Frequency of Each Digit of Pi

by Eve Andersson

     

Home : Pi : One Calculation


in first 100 digits of pi
08 occurrences
18 occurrences
212 occurrences
312 occurrences
410 occurrences
58 occurrences
69 occurrences
78 occurrences
812 occurrences
913 occurrences

in first 1,000 digits of pi
093 occurrences
1116 occurrences
2103 occurrences
3103 occurrences
493 occurrences
597 occurrences
694 occurrences
795 occurrences
8101 occurrences
9105 occurrences

in first 10,000 digits of pi
0968 occurrences
11026 occurrences
21021 occurrences
3975 occurrences
41012 occurrences
51046 occurrences
61021 occurrences
7969 occurrences
8948 occurrences
91014 occurrences

in first 100,000 digits of pi
09999 occurrences
110137 occurrences
29908 occurrences
310026 occurrences
49971 occurrences
510026 occurrences
610028 occurrences
710025 occurrences
89978 occurrences
99902 occurrences

in first 1,000,000 digits of pi
099959 occurrences
199757 occurrences
2100026 occurrences
3100230 occurrences
4100230 occurrences
5100359 occurrences
699548 occurrences
799800 occurrences
899985 occurrences
9100106 occurrences

in first 10,000,000 digits of pi
0999440 occurrences
1999333 occurrences
21000306 occurrences
3999965 occurrences
41001093 occurrences
51000466 occurrences
6999337 occurrences
71000206 occurrences
8999814 occurrences
91000040 occurrences

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Eve Andersson (eve@eveandersson.com)

Comments

Zero

Why does zero lag behind in the count. It is a perfectly upstanding digit? Just had to ask, its a retorical question. I am sure it has been asked before by greater minds.

sincerely

DMA

-- Douglas Abbott


Why zero lags

Obviously, some digit will lag. Which digit has a reason to lag? None has a reason to lag. Zero is none. Therefore, zero lags.

-- Larry Hosken

Wait a minute

Looking over the graph of the first 10,000,000 digits, now I think that the question was wrong. Zero isn't the worst lagger. Behold--
0: 999440
1: 999333.

Therefore, I would like to amend my answer to "Will some digit lag? Empirical evidence suggests that one must. Therefore, one lags."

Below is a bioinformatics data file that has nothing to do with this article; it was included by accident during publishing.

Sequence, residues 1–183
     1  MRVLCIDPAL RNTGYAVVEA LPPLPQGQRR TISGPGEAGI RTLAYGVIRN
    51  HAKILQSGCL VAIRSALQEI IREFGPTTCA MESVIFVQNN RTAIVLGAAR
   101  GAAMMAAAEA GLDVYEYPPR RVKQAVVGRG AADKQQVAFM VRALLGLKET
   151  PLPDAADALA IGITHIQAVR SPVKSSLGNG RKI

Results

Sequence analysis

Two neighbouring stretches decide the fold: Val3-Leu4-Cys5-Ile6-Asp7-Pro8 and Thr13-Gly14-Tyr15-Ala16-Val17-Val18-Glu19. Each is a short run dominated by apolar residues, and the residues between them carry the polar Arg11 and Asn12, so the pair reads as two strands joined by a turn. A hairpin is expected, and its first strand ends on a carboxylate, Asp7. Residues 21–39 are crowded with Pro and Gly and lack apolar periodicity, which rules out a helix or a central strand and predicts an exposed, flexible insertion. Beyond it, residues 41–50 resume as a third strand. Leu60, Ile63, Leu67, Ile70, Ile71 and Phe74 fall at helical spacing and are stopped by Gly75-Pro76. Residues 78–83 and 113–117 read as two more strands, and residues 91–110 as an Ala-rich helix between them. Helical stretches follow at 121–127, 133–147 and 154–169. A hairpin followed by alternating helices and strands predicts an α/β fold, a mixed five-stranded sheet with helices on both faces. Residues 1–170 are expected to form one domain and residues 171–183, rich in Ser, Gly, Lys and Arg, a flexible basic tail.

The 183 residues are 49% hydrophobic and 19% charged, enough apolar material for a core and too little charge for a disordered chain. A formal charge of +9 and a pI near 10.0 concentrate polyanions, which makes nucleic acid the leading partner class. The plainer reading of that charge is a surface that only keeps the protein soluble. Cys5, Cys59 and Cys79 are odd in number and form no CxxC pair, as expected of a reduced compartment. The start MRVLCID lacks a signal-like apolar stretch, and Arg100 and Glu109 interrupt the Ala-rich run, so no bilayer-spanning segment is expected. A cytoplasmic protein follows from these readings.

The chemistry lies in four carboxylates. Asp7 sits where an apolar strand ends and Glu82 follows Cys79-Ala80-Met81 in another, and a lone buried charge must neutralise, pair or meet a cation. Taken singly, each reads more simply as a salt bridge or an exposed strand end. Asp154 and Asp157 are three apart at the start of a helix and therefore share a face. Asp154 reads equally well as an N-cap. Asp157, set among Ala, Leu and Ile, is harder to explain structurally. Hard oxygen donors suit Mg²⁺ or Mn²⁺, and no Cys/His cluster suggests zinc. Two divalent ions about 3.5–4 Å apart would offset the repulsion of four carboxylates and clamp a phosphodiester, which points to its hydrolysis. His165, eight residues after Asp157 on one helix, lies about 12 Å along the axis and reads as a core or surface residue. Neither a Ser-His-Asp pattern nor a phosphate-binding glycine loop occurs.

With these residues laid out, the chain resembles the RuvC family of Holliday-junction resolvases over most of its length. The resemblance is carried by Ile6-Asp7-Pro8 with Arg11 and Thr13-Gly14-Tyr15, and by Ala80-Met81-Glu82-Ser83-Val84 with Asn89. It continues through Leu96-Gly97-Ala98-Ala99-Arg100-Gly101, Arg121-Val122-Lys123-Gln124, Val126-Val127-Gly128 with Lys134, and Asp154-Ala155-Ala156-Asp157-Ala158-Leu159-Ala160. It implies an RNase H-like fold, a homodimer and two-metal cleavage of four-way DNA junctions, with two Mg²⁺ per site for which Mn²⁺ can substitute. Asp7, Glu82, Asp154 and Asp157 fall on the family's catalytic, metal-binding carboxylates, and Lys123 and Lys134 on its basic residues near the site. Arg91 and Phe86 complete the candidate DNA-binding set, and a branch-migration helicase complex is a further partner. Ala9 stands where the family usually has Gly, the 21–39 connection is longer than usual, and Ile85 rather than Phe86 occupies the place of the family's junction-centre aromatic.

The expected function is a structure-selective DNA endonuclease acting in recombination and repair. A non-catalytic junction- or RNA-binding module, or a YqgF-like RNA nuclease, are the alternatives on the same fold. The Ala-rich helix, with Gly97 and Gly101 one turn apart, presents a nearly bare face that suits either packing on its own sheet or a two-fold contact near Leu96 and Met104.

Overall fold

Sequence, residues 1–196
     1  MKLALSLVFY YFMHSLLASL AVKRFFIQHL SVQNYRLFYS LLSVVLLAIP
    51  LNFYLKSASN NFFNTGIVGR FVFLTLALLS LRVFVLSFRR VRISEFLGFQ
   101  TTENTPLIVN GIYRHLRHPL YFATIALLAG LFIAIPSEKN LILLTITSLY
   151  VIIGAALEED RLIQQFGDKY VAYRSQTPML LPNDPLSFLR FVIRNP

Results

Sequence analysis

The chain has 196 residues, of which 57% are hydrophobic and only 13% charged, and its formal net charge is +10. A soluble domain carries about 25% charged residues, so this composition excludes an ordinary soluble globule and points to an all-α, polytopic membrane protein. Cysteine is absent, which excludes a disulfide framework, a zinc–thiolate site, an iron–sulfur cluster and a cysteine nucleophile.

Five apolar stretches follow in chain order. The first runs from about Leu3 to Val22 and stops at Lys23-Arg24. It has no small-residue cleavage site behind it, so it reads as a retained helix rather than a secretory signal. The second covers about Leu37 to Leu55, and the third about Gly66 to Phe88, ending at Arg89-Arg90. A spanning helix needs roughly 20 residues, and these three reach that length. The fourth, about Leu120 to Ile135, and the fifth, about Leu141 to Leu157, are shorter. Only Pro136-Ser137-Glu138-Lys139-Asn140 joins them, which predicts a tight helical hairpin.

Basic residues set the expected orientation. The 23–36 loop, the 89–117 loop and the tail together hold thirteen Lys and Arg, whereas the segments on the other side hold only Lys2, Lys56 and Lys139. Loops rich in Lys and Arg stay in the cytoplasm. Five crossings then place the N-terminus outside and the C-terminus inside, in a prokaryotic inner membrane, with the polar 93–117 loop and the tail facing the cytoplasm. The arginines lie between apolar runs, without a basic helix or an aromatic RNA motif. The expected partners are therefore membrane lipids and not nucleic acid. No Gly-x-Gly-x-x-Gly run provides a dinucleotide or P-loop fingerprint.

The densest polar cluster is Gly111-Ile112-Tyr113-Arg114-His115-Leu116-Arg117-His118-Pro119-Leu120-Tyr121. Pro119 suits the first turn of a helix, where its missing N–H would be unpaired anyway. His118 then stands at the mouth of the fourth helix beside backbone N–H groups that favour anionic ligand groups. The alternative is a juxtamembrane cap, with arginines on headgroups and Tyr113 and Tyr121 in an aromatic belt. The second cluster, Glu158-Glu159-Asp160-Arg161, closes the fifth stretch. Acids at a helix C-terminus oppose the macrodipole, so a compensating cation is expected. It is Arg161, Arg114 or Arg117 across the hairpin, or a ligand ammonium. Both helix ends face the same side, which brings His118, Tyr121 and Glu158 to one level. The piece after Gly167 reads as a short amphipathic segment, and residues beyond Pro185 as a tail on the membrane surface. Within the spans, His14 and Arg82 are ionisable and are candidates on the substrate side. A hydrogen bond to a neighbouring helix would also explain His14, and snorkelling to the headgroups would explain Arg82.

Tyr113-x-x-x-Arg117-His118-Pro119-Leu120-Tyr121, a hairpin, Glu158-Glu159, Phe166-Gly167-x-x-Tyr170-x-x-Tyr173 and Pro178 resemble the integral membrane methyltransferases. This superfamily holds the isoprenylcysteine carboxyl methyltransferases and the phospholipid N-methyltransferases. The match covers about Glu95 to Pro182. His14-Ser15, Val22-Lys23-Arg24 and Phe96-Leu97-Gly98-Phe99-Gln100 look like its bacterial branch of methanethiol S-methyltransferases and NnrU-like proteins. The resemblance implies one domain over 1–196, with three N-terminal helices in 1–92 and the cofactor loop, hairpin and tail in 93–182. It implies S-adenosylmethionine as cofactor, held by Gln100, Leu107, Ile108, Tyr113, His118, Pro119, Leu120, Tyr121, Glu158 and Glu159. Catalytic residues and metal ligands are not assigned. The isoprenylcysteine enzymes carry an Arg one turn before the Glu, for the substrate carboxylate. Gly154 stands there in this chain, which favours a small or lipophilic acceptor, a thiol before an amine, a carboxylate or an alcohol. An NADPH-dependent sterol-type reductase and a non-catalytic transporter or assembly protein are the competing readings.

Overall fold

-- Larry Hosken


Zero Is not at all a lacker

If you look closly enough you see that zero is never a slacker that it is eather ahead of a number or it is tied with another slacking number...GO ZERO!!!!!!!!!



-- Michael Quagliano


Lagging digits

Assume we take Pi out to an infinite amount of decimal places. We cannot determine the last digit of Pi, because there is no last digit, the string of random numbers goes to infinity. However, because there is no repeating pattern in the decimal portion of Pi we can assume that all numbers are equally likely to be the next number in the sequence as the length of the decimal portion goes to infinity. This in effect defines the next number in the infinite sequence as a random event. This means that each number is equally likely to be the next number so each has a 1/10 chance. Therefore, the occurence of each digit should be equal once we reach an infinite number of decimal places.

This is supported by looking at the differences between the occurence of each number over time as compared to the total number of occurences. The percentages shrink rather rapidly as the order of magnitude of the number of occurences increases.

The implications of this on the upcoming digits in the sequence are rather interesting, as this would mean that zero is actually more likely to occur than the other numbers, something of a paradox considering the random nature of the decimal place string.

-- chris campbell


Re: Lagging digits

Chris,